RAILWAY INSPIRATION: Good blogs shouldn’t just be about your corner of the world. John Kirriemuir is a librarian who often writes creatively. This carefully observed piece on a fellow traveller in Birmingham New Street Station is powerful. All too often we can pass through without looking at who we’re travelling with. John does. You can read it here:
RE-SHAPING PRESS TEAMS: Ben Proctor is a digital specialist who has experience in local government and working as a consultant. His modest proposal to get rid of press offices suggests that change is inevitable and gives a few ideas on what this may look like. You can read it here.
FUTURE COMMS: The Cabinet Office’s Ann Kempster sparked a creative and much-needed debate on the future of press teams and digital teams with this cracking post which generated a cracking set of comments that show the vibrancy of debate in the public sector in 2012. You can read it here.
FACEBOOK IS DEAD: A former colleague Matt Murray is now doing great things in local government in Queensland, Australia. For a while I’d been wondering uneasily about the turn that Facebook had taken when Matt wrote a post that spelt out why it is no longer the go-to platform. You can read it here.
DIE PRESS RELEASE: This is actually from 2006 but I’d only chanced upon Tom Foremski’s Die Press Release, Die! Die! post earlier in 2012. It spells out why the traditional press release is dated and what the thing that should replace it should look like. You can read it here.
CASE STUDY: Hackney Council’s Al Smith doesn’t blog enough. This post from his time at Cannock Chase District Council shows why he should and spells out the steps he took tio help crack down on domestic violence one Christmas.It’s imaginative and effective stuff. You can read it here.
GOOD WRITING: Tom Sprints‘ post about a chance encounter in the shadow of a mountain was lovely writing. If you missed it you can read it here.
DIGITAL STATS: Emer Coleman of the Government Digital Service wrote this cracking piece on the measurement of social media and what we should be looking out for. For anyone looking to get a handle on the changing landscape it’s essential. You can read it here.
A GOOD REMINDER: Sometimes we can spend too much time online. Sometimes we can spend too much time not doing the important things. This short post from Phil Jewitt asks us to re-assess and think of those around us who matter most to us. You can read it here.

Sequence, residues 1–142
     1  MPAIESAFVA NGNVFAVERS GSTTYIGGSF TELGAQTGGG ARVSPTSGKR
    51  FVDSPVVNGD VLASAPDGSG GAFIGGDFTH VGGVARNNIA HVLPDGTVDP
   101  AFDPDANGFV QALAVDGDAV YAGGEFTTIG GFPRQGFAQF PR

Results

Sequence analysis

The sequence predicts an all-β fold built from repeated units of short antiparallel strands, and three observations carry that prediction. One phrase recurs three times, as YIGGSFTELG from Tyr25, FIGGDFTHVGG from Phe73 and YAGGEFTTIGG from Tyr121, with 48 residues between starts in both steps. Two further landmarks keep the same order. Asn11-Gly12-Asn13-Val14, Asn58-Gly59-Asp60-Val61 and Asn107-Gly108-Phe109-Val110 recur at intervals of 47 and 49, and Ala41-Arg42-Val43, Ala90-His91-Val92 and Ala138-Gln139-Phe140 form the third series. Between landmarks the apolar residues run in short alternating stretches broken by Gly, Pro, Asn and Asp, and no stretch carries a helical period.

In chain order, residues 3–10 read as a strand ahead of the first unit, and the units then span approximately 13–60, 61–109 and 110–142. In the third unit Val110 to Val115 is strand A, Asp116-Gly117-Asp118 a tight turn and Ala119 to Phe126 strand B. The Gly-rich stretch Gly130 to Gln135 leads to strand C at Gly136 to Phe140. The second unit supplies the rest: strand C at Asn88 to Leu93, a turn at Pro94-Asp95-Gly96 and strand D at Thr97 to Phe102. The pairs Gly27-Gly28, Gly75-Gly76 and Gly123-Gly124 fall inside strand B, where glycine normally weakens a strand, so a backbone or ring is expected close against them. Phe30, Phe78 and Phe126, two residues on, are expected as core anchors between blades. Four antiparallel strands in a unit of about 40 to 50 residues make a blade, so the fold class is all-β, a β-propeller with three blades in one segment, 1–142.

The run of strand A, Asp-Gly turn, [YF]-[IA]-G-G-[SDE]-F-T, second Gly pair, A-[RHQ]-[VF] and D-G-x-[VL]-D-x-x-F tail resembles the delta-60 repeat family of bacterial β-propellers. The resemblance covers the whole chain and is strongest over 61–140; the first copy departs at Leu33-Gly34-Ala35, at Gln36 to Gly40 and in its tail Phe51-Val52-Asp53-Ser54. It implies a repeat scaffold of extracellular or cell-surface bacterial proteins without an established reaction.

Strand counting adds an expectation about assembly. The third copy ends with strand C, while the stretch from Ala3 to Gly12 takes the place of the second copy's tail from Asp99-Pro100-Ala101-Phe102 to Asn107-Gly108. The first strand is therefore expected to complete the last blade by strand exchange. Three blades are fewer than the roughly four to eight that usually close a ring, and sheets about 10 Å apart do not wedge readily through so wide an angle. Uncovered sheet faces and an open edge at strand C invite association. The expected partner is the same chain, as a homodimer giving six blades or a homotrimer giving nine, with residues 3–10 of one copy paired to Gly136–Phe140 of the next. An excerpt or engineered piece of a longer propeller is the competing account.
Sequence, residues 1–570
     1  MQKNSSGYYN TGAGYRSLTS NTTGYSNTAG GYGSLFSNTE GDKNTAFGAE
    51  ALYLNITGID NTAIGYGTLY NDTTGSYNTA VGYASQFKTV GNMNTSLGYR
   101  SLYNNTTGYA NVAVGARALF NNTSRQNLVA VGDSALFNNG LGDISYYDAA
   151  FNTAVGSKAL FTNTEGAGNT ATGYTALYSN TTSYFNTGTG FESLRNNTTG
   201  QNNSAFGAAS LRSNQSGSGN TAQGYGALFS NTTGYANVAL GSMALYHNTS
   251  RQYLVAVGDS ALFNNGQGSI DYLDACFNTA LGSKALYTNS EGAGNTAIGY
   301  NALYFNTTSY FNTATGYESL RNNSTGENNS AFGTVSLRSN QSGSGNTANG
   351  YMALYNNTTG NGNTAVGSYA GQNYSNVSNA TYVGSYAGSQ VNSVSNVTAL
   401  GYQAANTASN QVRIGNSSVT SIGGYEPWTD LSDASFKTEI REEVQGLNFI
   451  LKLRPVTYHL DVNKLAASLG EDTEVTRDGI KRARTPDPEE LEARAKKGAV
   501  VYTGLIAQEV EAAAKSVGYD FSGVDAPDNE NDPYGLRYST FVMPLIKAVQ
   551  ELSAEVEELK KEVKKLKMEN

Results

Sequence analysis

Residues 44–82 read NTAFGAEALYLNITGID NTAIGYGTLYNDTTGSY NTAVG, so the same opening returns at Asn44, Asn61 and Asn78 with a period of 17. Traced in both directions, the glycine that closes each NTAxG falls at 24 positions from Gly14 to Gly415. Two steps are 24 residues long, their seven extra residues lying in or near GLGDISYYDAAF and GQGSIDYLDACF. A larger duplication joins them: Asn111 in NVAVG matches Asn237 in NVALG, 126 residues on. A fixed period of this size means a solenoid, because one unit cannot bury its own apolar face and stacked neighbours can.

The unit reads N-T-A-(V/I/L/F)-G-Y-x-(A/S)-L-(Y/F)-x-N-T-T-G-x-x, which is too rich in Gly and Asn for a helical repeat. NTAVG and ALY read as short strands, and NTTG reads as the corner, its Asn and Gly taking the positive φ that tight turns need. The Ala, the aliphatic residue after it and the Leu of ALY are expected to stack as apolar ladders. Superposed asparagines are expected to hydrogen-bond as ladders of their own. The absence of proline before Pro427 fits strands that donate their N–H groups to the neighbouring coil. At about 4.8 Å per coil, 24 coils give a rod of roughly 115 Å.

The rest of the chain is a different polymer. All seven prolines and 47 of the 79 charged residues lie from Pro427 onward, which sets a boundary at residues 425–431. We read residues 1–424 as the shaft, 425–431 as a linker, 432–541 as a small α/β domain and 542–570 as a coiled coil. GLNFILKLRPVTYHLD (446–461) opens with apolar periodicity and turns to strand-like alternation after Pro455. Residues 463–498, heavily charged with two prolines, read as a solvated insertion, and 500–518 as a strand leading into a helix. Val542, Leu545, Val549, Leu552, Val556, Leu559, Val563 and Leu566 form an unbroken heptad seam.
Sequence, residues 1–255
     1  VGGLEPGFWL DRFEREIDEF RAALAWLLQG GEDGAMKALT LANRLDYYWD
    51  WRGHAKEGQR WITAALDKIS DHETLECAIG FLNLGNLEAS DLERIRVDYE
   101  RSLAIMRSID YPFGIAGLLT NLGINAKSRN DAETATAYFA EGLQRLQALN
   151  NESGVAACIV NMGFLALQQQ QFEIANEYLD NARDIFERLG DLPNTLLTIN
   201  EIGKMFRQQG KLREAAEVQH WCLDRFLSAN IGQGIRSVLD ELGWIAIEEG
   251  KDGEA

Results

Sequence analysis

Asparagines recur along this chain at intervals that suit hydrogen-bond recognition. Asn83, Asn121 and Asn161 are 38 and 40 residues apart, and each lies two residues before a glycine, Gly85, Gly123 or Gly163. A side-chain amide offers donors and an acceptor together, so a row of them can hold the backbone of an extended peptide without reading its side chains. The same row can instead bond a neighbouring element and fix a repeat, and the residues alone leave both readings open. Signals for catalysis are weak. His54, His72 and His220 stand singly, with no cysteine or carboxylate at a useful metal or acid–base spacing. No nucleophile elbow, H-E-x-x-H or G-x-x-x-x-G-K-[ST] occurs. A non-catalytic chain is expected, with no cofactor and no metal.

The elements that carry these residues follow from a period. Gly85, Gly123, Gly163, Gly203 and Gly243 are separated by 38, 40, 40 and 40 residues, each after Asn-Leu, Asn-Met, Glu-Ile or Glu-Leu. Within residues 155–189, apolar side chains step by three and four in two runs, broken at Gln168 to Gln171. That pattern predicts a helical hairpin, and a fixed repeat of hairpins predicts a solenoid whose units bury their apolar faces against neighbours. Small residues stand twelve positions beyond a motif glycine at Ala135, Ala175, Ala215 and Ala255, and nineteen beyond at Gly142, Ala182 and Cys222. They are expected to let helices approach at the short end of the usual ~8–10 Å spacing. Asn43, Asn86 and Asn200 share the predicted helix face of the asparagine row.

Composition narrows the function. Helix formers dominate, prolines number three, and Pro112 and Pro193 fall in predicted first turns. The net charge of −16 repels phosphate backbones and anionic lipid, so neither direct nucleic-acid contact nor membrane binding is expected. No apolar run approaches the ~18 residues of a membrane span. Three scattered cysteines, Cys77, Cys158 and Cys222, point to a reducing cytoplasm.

FRONTLINE BLOG: People on the frontline should be given access to social media. Comms people are often resistent. Walsall police officer PC Rich Stanley is a case study of why access should be opened-up and the sweets shared. You can read one of his posts on his day job here.
OLYMPICS GAMESMAKER: Jo Smith founded Vindicat PR in what has been a difficult year for her. She spent time as a London 2012 Gamesmaker and saw close-up how the city fell for the games. Volunteers like her were part of the secret. How did they manage it? Good internal comms. You can read it here.
DAN HARRIS: If London 2012 was joyous then the memory of seeing BBC News 24 carry pictures of medal triumph with the confirmation of Dan Harris‘ death on the ticker was a bitter memory. I’d met him a few times and corresponded often. His death devastated those who knew him far better. He’d agreed to write for comms2point0 a website I help with and had written this fine post a few weeks before. You can read it here.
GANG MEMBER: Digital can bring people together and can share stories. Steph Jennings of Podnosh’s account of meeting a former gang member at a social media surgery was arresting. You can read it here.
ANOTHER LONDON: Gillian Hudson of 10 Downing Street’s digital team wrote a cracking blog to capture some of the work she had been involved with over the Olympics. It spoke about comms with a human face and it was cracking. You can read it here.
There’s been far, far too many things I’ve read that have stood out over the past 12-months. If I’ve ever retweeted, shared or quoted a link you’ve been involved with then ‘thank you.’